Christoph Schenker, Zurich
Christoph Schenker is Professor of Philosophy of Art and Contemporary Art at the Zurich University of the Arts (ZHdK). He has been head of the Institute for Contemporary Art Research (IFCAR), part of the university’s Department of Art & Media, since 2005. His main research interests are artistic research as well as public art. Under his direction, IFCAR produced public art research projects by Harun Farocki, Bethan Huws, Ken Lum, Shirana Shahbazi, Lawrence Weiner and Sislej Xhafa in Zurich and Engadine, Switzerland. He co-edited MIND THE GAP, Kunsthof Zurich, Materials and Documents 1993 – 2013 (2013), a publication tracing the exhibition history of the outdoor exhibition site Kunsthof Zurich, which he established and conducted between 1993 and 2005 in close collaboration with art students. Furthermore he has co-edited Kunst und Öffentlichkeit, Kritische Praxis der Kunst im Stadtraum Zürich (2007), a research publication on public art and its contexts in Zurich, and most recently Künstlerische Forschung, Ein Handbuch (2015). He is co-directing Draft together with Gitanjali Dang. www.ifcar.ch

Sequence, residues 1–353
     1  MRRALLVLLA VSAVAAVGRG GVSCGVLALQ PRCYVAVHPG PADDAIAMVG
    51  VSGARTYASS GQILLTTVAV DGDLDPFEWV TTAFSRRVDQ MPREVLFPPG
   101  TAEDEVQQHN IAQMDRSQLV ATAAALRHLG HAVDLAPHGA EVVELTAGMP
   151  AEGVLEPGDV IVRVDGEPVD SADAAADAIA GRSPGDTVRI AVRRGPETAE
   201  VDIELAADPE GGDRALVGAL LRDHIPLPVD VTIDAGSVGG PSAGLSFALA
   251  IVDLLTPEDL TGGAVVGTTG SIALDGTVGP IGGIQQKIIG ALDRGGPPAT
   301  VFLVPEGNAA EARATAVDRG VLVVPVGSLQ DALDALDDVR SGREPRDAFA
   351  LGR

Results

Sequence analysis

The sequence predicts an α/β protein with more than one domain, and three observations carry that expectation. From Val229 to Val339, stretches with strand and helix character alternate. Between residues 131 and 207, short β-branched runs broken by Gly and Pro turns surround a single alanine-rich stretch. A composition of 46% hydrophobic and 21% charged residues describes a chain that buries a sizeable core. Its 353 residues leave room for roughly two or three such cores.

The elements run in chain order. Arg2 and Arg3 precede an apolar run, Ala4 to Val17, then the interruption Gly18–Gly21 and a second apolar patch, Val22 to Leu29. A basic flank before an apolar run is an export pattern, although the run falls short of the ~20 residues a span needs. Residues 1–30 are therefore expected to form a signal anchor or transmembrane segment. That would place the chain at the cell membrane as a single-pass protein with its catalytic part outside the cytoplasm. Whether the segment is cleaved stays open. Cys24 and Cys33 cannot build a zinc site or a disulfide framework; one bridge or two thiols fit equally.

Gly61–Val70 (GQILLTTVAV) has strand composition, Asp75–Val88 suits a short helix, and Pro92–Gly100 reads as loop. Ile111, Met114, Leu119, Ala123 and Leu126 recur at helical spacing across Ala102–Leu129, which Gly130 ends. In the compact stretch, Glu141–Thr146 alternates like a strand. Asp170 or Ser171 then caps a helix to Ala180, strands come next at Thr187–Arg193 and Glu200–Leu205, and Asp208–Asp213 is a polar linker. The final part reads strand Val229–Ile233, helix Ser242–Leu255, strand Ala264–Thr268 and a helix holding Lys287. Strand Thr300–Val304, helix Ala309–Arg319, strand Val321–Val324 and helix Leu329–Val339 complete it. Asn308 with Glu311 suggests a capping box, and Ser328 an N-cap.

Swiss Psychotropic Gold